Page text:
Generate random self-avoiding walks in C#

[self-avoiding walks]

The previous examples that display self-avoiding walks generate all of the possible walks for a given lattice and then let you select one. Because the programs use a recursive search to find walks, walks near the same part of the sequence tend to share the same initial pieces. For example, if the very first move in the walk is to the right, then many of the following walks will also start by moving to the right.

This example generates random self-avoiding walks so adjacent walks don’t necessarily share their initial steps. When you click the Generate button, the program starts a timer. Whenever the timer ticks, the program generates a random walk and displays it.

When the timer’s Tick event fires, the program calls the following FindOneWalk method to generate a random self-avoiding walk.

// Find one random self-avoiding walk.
private List<Point> FindOneWalk(int width, int height)
    // Make an array to show where we have been.
    bool[,] visited = new bool[width + 1, height + 1];

    // Get the number of points we need to visit.
    int num_points = (width + 1) * (height + 1);

    // Start at a random vertex.
    int x = Rand.Next(0, width + 1);
    int y = Rand.Next(0, height + 1);

    // Start the walk at (0, 0).
    Stack<Point> current_walk = new Stack<Point>();
    current_walk.Push(new Point(x, y));
    visited[x, y] = true;

    // Search for walks.
    List<Point> walk = FindOneWalk(num_points, current_walk,
        x, y, width, height, visited);
    if (walk != null) return walk;
    return current_walk.ToList();

This method creates a visited array to keep track of the lattice vertices that are in use. It then picks a random lattice vertex, adds it to the current walk, and calls the following overloaded version of the FindOneWalk method to extend the walk to fill the lattice.

// Extend the walk that is at (current_x, current_y).
private List<Point> FindOneWalk(int num_points,
    Stack<Point> current_walk,
    int current_x, int current_y,
    int width, int height, bool[,] visited)
    // If we have visited every position, and the
    // last point is in the lower right corner,
    // then this is a complete walk.
    if (current_walk.Count == num_points)
        return current_walk.ToList();
        // Try the possible moves.
        Point[] next_points = new Point[]
            new Point(current_x - 1, current_y),
            new Point(current_x + 1, current_y),
            new Point(current_x, current_y - 1),
            new Point(current_x, current_y + 1),

        // Randomize the moves to try.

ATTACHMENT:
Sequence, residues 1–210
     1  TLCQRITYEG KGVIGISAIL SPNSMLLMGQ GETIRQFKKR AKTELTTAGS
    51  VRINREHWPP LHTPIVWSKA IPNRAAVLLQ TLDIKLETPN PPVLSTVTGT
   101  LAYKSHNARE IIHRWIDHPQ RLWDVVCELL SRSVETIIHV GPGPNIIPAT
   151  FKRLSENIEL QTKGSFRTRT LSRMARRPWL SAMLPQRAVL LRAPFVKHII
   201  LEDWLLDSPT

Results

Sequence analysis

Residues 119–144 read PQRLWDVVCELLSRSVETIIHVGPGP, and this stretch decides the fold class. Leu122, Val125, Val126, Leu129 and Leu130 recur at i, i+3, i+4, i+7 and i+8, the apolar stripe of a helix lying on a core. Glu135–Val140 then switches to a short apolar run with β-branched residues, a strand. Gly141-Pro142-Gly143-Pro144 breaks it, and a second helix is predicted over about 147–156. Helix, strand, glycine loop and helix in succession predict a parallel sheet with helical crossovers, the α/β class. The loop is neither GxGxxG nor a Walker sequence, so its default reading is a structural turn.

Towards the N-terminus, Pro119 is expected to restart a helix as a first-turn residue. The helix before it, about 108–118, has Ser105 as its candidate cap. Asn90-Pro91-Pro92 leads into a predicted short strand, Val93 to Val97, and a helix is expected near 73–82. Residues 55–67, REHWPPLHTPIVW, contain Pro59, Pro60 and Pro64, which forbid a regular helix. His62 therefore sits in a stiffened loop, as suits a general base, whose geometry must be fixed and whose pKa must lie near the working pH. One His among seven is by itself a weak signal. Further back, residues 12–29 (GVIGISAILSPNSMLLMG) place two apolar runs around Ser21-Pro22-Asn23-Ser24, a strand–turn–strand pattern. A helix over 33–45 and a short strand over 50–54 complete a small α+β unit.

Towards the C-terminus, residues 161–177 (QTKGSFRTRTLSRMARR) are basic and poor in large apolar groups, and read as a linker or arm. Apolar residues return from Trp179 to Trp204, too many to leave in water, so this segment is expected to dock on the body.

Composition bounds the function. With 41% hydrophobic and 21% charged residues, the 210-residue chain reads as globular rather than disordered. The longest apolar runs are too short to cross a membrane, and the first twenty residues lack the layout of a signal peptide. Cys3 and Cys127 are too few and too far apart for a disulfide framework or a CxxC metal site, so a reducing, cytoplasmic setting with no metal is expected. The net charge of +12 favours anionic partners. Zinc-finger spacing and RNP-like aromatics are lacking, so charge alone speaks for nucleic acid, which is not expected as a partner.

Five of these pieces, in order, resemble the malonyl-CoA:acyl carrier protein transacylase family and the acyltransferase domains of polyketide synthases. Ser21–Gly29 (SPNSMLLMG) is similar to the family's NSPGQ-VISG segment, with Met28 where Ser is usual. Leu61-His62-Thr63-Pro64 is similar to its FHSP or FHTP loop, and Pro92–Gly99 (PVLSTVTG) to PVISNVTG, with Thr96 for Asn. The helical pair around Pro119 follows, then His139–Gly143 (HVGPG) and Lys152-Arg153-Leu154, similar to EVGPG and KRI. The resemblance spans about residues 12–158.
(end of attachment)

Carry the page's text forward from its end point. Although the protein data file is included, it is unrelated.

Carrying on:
// Try the moves.
        foreach (Point point in next_points)
            if (point.X < 0) continue;
            if (point.X > width) continue;
            if (point.Y < 0) continue;
            if (point.Y > height) continue;
            if (visited[point.X, point.Y]) continue;

            // Try visiting this point.
            visited[point.X, point.Y] = true;

            List<Point> walk = FindOneWalk(num_points, current_walk,
                point.X, point.Y, width, height, visited);
            if (walk != null) return walk;

            // We're done visiting this point.
            visited[point.X, point.Y] = false;
        return null;

First this method checks the number of vertices visited. If we have visited every vertex, then we have a complete walk so the method returns it as a list of vertex points.

If we don’t have a complete walk, the method makes an array holding the adjacent vertices. It then calls the Randomize extension method to randomize the array. Look at the code or see the post Make extension methods that randomize arrays and lists in C# to see how that works.

For each of the points the code adds that point to the current self-avoiding walk and then recursively calls itself to continue extending the walk.

If the recursive call to FindOneWalk returns a non-null value, then that value is a walk that was found farther down in the call stack. In that case the method simply returns the walk, passing it up the call stack.

If the recursive call does not find a complete walk, then the method removes the point from the current walk and tries the next point.

The previous examples find all self-avoiding walks before displaying any of them. This program only finds one walk at a time. The way it randomizes the adjacent points at each step makes it pick a random walk.

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About RodStephens

Rod Stephens is a software consultant and author who has written more than 30 books and 250 magazine articles covering C#, Visual Basic, Visual Basic for Applications, Delphi, and Java.
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